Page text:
Wednesday, December 31, 2014

How To Solve The Gradle DSL method not found: 'runProguard()' Error In Android Studio

After upgrading Android Studio, I ran into the following error -

Gradle DSL method not found: 'runProguard()'

This issue prevented the project from building. The solution was simple.
Do a search and replace.

Press Ctrl-F or Edit/Find and enter the letters runProguard into the search area.
Once you have found runProguard, you will see that it is listed in this procedure:

    buildTypes {
        release {
            runProguard false
            proguardFiles getDefaultProguardFile('proguard-android.txt'), ''

Change the area I have highlighted to the following:

    buildTypes {
        release {
      minifyEnabled false
            proguardFiles getDefaultProguardFile('proguard-android.txt'), ''

That is it! That will solve the issue for you.
Wasn't that simple?
Here is a link to more information about why this is necessary.


Tuesday, December 2, 2014

Telerik's Just Decompile Offline Installer - Install JustDecompile Using Offline Installers

When .Net Reflector stopped being free, I think little birdies fell out of their nests all across the world. It was a great, free resource that was extremely useful at breaking apart a dll and allowing you to examine the guts. Although it was great, I was unwilling to shell out money for a paid version. I came across Telerik's JustDecompile, which, in my humble opinion, was better and free. That was many moons ago.

Fast forward to now and I have been using JustDecompile for years. However, I recently needed to install it on a "secure" system and found that the system's antivirus software was blocking the download. After dutiful searching to find an offline installer without the bootstrap stuff in Telerik's official JustDecompile download, I came across these links- 

These links will allow you to download JustDecompile if you are behind a firewall, unable to download exe files (the top link) or are in a situation where your antivirus software is screaming bloody murder. If it doesn't work for you, let me know. As a matter of fact, if it DOES work for you, let me know. I just like to know things.....Smooches!

Please note - you WILL need to create a free Telerik account, but why shouldn't you? It is free after all! JustEnjoy (play on words intended)!

Kila Morton

Tuesday, April 15, 2014

SOLVING - Could not load file or assembly or one of its dependencies. The located assembly's manifest definition does not match the assembly reference.

This is quite possibly one of the most frustrating errors you can get after upgrading a Nuget package in an Asp.Net MVC project. If this is the first time you are getting it, you are likely wondering what is and where is the assembly's manifest. Well fear not mighty soldier developers because I have the information that will help you get running in no time. First an explanation.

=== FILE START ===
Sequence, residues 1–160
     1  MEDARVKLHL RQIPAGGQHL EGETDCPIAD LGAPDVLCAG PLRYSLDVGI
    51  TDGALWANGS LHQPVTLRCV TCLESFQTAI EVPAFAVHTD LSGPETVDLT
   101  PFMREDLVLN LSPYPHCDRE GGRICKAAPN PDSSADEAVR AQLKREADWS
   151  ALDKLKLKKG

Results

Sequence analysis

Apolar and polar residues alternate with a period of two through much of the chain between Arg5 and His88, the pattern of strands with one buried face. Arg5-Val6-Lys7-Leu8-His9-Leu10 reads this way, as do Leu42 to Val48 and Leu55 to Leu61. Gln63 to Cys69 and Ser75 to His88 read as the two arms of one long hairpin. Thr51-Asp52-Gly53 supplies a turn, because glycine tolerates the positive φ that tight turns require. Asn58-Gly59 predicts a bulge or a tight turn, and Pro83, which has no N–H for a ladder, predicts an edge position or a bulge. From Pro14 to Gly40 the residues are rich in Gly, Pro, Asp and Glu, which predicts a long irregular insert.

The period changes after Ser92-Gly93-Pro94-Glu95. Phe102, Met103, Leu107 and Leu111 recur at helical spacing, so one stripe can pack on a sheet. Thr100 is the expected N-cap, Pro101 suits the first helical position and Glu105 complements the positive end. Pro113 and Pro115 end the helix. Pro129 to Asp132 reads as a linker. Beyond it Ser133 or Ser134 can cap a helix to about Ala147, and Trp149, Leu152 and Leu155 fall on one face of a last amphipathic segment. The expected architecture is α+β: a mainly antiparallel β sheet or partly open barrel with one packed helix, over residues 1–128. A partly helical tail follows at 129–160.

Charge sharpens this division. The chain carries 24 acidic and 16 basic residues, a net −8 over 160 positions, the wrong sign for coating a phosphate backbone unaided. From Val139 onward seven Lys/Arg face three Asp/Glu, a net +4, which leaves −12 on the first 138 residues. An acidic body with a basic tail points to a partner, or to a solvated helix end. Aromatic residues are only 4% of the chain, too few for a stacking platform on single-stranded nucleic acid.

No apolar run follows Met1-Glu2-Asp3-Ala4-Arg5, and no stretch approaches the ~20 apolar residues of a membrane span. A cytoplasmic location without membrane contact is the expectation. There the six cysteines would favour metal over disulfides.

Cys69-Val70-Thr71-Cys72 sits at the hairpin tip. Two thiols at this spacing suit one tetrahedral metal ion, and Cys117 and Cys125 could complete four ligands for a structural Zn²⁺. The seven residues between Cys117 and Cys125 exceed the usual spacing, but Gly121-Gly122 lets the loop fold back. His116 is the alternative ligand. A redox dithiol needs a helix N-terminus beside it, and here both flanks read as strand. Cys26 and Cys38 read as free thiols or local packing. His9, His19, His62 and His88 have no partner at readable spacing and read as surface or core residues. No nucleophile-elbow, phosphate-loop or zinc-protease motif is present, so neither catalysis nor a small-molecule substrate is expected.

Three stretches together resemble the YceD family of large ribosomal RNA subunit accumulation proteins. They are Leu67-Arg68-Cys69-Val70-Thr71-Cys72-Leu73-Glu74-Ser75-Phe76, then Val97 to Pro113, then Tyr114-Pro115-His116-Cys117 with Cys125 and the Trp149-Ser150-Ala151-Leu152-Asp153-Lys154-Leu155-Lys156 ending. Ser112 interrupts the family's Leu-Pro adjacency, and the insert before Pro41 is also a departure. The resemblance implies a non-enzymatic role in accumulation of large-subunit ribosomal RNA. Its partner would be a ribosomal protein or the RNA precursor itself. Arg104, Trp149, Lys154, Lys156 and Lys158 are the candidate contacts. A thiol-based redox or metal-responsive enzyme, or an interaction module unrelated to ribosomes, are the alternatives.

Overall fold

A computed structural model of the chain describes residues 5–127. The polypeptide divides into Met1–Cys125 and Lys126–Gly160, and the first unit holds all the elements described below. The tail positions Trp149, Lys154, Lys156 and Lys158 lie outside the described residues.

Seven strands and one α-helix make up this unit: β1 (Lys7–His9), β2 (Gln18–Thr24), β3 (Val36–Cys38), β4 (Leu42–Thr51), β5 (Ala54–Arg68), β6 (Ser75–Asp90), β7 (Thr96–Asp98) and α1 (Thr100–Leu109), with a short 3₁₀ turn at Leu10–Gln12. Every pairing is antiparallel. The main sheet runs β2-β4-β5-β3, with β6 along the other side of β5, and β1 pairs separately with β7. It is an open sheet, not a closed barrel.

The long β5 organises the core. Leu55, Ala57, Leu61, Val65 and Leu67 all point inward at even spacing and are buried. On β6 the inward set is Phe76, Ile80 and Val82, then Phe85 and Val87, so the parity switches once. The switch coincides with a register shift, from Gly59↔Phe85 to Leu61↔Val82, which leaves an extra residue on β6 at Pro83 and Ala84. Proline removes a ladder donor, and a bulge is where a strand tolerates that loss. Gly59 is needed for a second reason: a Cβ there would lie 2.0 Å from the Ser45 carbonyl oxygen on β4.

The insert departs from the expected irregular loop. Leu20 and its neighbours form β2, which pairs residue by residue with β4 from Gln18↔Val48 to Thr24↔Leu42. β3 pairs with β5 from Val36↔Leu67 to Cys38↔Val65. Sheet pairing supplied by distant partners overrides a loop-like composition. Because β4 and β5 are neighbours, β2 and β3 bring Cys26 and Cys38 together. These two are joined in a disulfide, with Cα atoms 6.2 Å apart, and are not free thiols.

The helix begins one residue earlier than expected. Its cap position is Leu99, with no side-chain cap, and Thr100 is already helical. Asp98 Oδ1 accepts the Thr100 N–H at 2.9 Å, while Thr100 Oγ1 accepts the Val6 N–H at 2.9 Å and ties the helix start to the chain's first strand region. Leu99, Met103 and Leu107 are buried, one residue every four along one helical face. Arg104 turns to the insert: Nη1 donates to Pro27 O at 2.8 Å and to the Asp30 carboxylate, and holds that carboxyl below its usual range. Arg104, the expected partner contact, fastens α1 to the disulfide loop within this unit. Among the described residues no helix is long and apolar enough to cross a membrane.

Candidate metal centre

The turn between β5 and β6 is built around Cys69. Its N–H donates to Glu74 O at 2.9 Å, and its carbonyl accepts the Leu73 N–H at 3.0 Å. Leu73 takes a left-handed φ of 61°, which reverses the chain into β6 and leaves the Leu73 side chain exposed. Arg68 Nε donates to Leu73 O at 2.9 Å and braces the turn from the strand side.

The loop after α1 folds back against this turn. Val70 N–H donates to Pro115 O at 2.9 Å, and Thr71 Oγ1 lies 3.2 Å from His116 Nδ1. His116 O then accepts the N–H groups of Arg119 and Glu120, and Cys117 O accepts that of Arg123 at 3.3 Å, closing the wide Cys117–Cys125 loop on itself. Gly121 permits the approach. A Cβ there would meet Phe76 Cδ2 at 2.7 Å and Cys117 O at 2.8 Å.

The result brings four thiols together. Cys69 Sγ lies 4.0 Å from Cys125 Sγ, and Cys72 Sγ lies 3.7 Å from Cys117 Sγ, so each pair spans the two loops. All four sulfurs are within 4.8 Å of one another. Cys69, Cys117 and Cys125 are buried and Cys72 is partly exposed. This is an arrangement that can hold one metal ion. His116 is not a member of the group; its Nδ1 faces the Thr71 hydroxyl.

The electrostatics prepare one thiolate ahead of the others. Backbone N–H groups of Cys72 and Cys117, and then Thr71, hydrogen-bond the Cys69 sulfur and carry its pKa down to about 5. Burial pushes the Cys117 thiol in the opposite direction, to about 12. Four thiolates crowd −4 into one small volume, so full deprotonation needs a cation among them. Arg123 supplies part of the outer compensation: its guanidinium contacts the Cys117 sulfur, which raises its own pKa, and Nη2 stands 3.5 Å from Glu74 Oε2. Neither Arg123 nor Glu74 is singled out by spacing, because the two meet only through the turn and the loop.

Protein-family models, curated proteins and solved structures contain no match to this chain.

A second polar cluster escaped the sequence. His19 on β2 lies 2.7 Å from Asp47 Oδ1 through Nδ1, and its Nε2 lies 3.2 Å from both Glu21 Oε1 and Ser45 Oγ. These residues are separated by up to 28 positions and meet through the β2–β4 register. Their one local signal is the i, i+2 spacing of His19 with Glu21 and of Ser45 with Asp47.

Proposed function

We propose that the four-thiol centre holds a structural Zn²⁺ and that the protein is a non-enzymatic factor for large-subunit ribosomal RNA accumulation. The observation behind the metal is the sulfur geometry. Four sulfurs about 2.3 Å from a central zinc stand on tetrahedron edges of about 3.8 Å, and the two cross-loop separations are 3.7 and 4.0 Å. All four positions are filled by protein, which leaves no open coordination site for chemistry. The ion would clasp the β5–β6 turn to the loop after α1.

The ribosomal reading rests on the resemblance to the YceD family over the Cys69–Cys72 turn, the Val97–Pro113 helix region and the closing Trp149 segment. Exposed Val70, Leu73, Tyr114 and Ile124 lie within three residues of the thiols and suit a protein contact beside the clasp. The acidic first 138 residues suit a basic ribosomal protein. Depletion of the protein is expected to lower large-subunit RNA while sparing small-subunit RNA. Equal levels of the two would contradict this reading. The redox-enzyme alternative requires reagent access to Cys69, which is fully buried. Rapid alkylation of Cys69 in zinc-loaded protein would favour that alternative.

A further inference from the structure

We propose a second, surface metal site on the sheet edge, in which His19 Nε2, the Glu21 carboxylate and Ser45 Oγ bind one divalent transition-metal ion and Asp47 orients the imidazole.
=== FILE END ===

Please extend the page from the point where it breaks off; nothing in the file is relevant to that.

When you update an existing Nuget package, that update often has side effects. What does that mean? Well the packages you need often depend on other packages and when you run the Nuget update, the package you need might pull in updates to the packages IT needs even though you didn't specify that you wanted those other packages updated. That was a  mouthful! The dependencies being updated are side effects that you may or may not have planned for. On the surface, this seems like it might be OK. As long as the update happens to the files you need and things still build, you are fine. However, this isn't always the case. I'm going to run through what happens when an update happens.

For this example, I'm going to say we are updating Package A.
  1. Package A depends on Packages K, L and M.
  2. You already have a version of Packages K, L and M installed on your machine.
  3. Package A needs to upgrade Packages K, L and M BEFORE it can install itself.
  4. Package M is needed by Package R so it can't be uninstalled unless Package R is uninstalled.
  5. The update  uninstalls Package R, Package M, Package L and Package K and then installs the newer versions of each package it relies on and the version of Package R that works with Package M. 
  6. After the new versions of the dependencies have all been installed, Package A installs the latest version of itself.
  7. The package.config file is updated to include the version information for the newly installed files.
  8. The dependentAssembly area in the web.config file is updated to include dependency information and establish the backward capability of the newly updated files.

That is a lot! It is no wonder then that subtle side effects (aka hidden problems) can arise during that process. It is involved! If everything runs smoothly, all of the references are updated accordingly and all is right with the world. However, nothing ever runs smoothly does it?

Sometimes, due to all of the installing and uninstalling that takes place, the web.config file does NOT get updated by the Nuget Package you are running! This is where we run into errors like -

Could not load file or assembly 'Whatever.File' or one of its dependencies. The located assembly's manifest definition does not match the assembly reference. (Exception from HRESULT: 0x80131040)

Basically what this error SHOULD say is, "The web.config and package.config files do not match what is in the References folder"! There you have it - I have just rewritten a Microsoft error into something that a developer can actually understand? Did hell freeze over? Anyway, THAT is the problem. Sometimes when these packages uninstall and reinstall dependent packages, they do NOT update the packages.cofig and web.config accordingly. If the web.config references a version of the package that no longer exists, you  are going to get the "Could not load file or assembly...blah...blah....blah" error! So how do we solve this issue? The solution is easy.

  1. First, identify the file that the system is complaining about. It should be easy to do since the error message will list the file. For example, in the error below, Microsoft.Owin.Security.OAuth is the culprit. Could not load file or assembly 'Microsoft.Owin.Security.OAuth' or one of its dependencies. The located assembly's manifest definition does not match the assembly reference. (Exception from HRESULT: 0x80131040)